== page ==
Aquarium Catfish of the Uruguayan Outback
Author: Ivan Gonzalez and Stan Sung
The avid explorers return! This time, they're delving headfirst into Uruguay, capital of countless catfish, journeying through the exotic countryside and encountering a wide range of catfish varieties that make wonderful aquarium residents.
Searching for Uruguayan Beauty
Our giant seine had been badly shredded by the frantic lashings of captured capybaras from a couple of seasons back, and now the net frequently needs to be repaired after use. While our friends Felipe Cantera and Alejandro Duarte tended to the damaged net, several members of our collecting group decided to explore an idyllic little stream rambling through the Artigas countryside.
John Niemans and Ross Freeman joined me down in the gully where the clear-running creek ran swiftly over waving strands of aquatic plants. As we passed our long-handled dipnets through gardens of submersed vegetation in areas containing the most current, we pulled out a beautiful little gem of a fish—a sparkling little catfish, reminiscent of a shade of emeralds displayed in the bright morning sun. The three of us worked until we had a number of these extremely beautiful aquatic Uruguayan jewels.
An Introduction to the Catfishes
Catfish belong to the order Siluriformes, the most diverse and widespread order of freshwater fish in the world. Encompassing more than 3000 extant species, with many more being described every year, this group is perhaps the most diverse vertebrate order in the world.
Within this massive group, species run the gamut from mini algae eaters to enormous piscivores. There are even strange types that prefer wood or blood to standard catfish fare! Catfish range from diminutive species at under an inch to whopping monsters 7 feet in length. In addition, catfish have incredibly diverse reproductive habits—including egg scattering, nest guarding, mouthbrooding, and even internal fertilization.
Siluriformes is also one of the most widespread fish groups in the world. They have had a global distribution, inhabiting all of the continents except Antarctica (where they also once lived). There are 39 families within the order. All of them lack scales; instead, they possess either a naked body or bony plates that completely or partially cover their bodies. Many have barbels that resemble cat whiskers, which have given them the universal name “catfishes.” In Uruguay, there are representatives of 10 catfish families. In this article, we will focus on the smallest species present in the Uruguay River system, an area belonging to the great La Plata River Basin and the MerÍn LakeBasin.
Fishes That Hear
Together with the Characiformes (characins), the Cypriniformes (carps), and the Gymnotiformes (knifefishes), catfish belong to the superorder Ostariophysi. These fishes are characterized by the presence of the Weberian apparatus, a group of ossicles that connect the swim bladder with the internal ear, creating a resonance chamber for the inner ear that gives these fishes better hearing.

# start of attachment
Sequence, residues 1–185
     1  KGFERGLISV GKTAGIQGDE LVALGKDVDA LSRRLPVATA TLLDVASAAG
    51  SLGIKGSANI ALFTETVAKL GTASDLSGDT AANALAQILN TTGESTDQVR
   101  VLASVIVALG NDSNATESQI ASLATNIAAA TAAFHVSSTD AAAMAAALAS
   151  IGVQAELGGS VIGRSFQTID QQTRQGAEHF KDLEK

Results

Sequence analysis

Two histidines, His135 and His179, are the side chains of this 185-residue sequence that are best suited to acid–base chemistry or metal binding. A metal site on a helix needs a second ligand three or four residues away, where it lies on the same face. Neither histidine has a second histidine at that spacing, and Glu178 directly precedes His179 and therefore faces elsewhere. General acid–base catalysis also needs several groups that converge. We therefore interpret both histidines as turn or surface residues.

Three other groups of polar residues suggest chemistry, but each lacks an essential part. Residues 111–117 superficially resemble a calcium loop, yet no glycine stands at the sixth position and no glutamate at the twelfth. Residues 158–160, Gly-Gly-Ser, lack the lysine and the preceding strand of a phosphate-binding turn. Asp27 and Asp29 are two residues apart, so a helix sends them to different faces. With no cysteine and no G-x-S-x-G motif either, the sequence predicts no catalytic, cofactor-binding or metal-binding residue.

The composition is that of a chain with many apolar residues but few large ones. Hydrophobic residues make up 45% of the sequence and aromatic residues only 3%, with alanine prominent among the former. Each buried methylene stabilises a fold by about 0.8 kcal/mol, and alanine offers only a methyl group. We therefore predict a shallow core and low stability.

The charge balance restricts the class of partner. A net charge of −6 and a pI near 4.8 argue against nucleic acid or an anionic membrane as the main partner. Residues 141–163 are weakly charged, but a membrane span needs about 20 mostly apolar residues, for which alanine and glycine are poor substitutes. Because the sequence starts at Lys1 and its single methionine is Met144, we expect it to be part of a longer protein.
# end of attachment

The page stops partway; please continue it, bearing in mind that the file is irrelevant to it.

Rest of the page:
Loricariidae: The Armored Suckermouths
The loricariids include the plecostomus types, which are beloved aquarium subjects worldwide. Many subfamilies exist within this large family, and they are represented by a multitude of species. Some of the smallest Loricariidae belong to the Hypoptopomatinae subfamily. Like most loricariids, these tiny suckermouth fish feed on a diet of algae.
We have at least three species of hypoptopomatins in the country of Uruguay in two genera, Hisonotus and Otocinclus. They are frequently collected and make outstanding and useful aquarium fish. All of them live within densely vegetated areas in fast currents, whether in small streams or large rivers. Hisonotus species can be easily distinguished from the Otocinclus genus by the shape of the tail. In Otocinclus, a bi-lobed tail shape is present, while the Hisonotus possess a straight-edged tail.
Otocinclus flexilis is a species that appears to be present within the entire Uruguayan territory. There are many times when we had captured these otos alongside dark-brown-colored Hisonotus. In the north of the country, along the Brazilian border, the Cuareim River is home to a bright green Hisonotus. These are the fantastically colored emerald Hisonotus that our collecting party worked hard to accumulate. This jewel-like catfish appears to be sexually dimorphic, as the most splendid males develop maroon-colored leopard spots and a reddish tail, while the females remain a uniform, iridescent green. All Hisonotus are found in areas with clear, rapidly flowing waters. They remain in the shelter of vegetation, grazing on algae attached to the leaf blades of plants.
Both otos and Hisonotus are a great choice for a nano or planted display. They are quite easy to keep, and will clean algae off plants without causing damage to them. In order to keep them healthy, they will need a good source of algae and vegetation, as well as a moderate water current.
Planting Sagittaria varieties with long, wide leaf blades will make them feel the most at home.